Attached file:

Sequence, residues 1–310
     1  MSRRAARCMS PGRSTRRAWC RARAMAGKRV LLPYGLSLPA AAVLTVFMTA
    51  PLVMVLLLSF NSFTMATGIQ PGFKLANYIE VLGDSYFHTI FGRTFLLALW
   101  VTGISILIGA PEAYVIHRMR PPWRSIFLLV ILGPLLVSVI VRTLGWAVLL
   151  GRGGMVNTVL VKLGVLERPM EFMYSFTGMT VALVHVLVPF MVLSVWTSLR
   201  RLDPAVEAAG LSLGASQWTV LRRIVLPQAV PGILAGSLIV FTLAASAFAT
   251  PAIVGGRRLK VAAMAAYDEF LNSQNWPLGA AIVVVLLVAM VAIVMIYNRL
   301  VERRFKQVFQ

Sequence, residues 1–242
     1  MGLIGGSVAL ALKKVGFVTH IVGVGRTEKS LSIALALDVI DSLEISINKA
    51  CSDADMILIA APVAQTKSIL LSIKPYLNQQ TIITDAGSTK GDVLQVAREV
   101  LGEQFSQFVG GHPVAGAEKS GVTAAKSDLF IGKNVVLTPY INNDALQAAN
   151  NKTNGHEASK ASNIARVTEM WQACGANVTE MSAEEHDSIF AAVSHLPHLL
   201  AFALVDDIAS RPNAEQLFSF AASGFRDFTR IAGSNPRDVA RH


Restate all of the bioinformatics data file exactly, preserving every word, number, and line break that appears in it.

Sequence, residues 1–310
     1  MSRRAARCMS PGRSTRRAWC RARAMAGKRV LLPYGLSLPA AAVLTVFMTA
    51  PLVMVLLLSF NSFTMATGIQ PGFKLANYIE VLGDSYFHTI FGRTFLLALW
   101  VTGISILIGA PEAYVIHRMR PPWRSIFLLV ILGPLLVSVI VRTLGWAVLL
   151  GRGGMVNTVL VKLGVLERPM EFMYSFTGMT VALVHVLVPF MVLSVWTSLR
   201  RLDPAVEAAG LSLGASQWTV LRRIVLPQAV PGILAGSLIV FTLAASAFAT
   251  PAIVGGRRLK VAAMAAYDEF LNSQNWPLGA AIVVVLLVAM VAIVMIYNRL
   301  VERRFKQVFQ

Sequence, residues 1–242
     1  MGLIGGSVAL ALKKVGFVTH IVGVGRTEKS LSIALALDVI DSLEISINKA
    51  CSDADMILIA APVAQTKSIL LSIKPYLNQQ TIITDAGSTK GDVLQVAREV
   101  LGEQFSQFVG GHPVAGAEKS GVTAAKSDLF IGKNVVLTPY INNDALQAAN
   151  NKTNGHEASK ASNIARVTEM WQACGANVTE MSAEEHDSIF AAVSHLPHLL
   201  AFALVDDIAS RPNAEQLFSF AASGFRDFTR IAGSNPRDVA RH